Loser's Guide to Life
I complain about comics now because I so wanted to love them as a boy, and yet they were ridiculous. Here's one that I could never fathom: "The Incredible Hulk". Why "Incredible", by the way? When you're dealing with a universe full of misfits like Spiderman and the Fantastic Four, the Hulk is fairly credible, if pointless. It should have been called "The Irrelevant Hulk". It's about a bespectacled scientist who sometimes gets enraged and turns into a powerful green-skinned beast of a man, losing the ability to think or talk reasonably. When he's in this state he says things like "Hulk smash"; in other words, he can no longer use the pronoun "I" and he can no longer conjugate verbs correctly. I wonder whose idea it was that a mentally reduced individual would refer to himself in the third person? It's actually a bit of a jump to think of oneself in that way.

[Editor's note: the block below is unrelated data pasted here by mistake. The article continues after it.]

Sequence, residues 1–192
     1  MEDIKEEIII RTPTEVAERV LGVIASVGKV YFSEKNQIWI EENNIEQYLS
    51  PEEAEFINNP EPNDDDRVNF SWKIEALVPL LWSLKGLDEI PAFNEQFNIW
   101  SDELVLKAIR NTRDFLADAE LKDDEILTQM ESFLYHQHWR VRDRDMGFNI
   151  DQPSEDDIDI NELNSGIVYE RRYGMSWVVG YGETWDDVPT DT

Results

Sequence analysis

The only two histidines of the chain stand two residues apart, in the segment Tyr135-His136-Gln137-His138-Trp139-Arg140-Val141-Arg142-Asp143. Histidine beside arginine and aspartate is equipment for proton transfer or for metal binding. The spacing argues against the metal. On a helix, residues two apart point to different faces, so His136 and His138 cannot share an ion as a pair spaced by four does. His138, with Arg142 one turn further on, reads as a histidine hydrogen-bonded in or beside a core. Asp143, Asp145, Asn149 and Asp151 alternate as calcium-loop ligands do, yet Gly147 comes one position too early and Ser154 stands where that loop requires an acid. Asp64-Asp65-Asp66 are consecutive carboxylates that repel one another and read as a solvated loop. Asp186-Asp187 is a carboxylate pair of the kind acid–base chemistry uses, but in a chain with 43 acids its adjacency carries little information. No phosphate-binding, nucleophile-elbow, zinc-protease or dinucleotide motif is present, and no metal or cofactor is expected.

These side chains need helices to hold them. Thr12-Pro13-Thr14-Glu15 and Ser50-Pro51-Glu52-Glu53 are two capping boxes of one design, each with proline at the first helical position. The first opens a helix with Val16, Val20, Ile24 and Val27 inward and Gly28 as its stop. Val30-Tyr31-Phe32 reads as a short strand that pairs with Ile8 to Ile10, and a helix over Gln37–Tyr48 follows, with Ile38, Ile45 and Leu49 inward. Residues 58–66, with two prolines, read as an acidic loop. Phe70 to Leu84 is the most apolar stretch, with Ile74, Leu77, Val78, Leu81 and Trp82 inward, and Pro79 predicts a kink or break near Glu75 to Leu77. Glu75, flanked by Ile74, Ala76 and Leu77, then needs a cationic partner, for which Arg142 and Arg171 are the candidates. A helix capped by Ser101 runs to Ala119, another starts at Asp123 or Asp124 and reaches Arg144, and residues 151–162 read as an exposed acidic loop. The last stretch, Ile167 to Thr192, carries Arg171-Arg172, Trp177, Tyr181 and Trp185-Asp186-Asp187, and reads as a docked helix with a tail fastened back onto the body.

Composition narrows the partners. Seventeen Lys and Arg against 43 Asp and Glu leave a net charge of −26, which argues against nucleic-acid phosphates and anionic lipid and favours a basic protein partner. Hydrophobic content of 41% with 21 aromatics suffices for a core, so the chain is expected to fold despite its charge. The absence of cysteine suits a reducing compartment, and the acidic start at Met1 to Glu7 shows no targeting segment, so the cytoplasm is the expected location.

After one of these episodes, his clothes would be all torn up because the Hulk is huge. That's rather interesting. If I had to guess, I would say that the author of this story had some experience with a schizophrenic parent. I say this because the sense of aftermath, with the bewildered scientist wondering what has happened to him, and incapable of accounting for his activities, makes me think of schizophrenics I have known, while his enormous power over others is only dangerous in the case of a parent.
Anyway, this rage of his is patently a great affliction and the interest seems to lie in how he deals with it. This is true of many Marvel comics: how does Spiderman like being Spiderman? How is the Mr and Mrs Fantastic's marriage going? Is the Thing getting any action?
But when I was a boy I didn't want to read comics about people's personal Hell. I wanted exciting adventures and beautiful draughtmanship.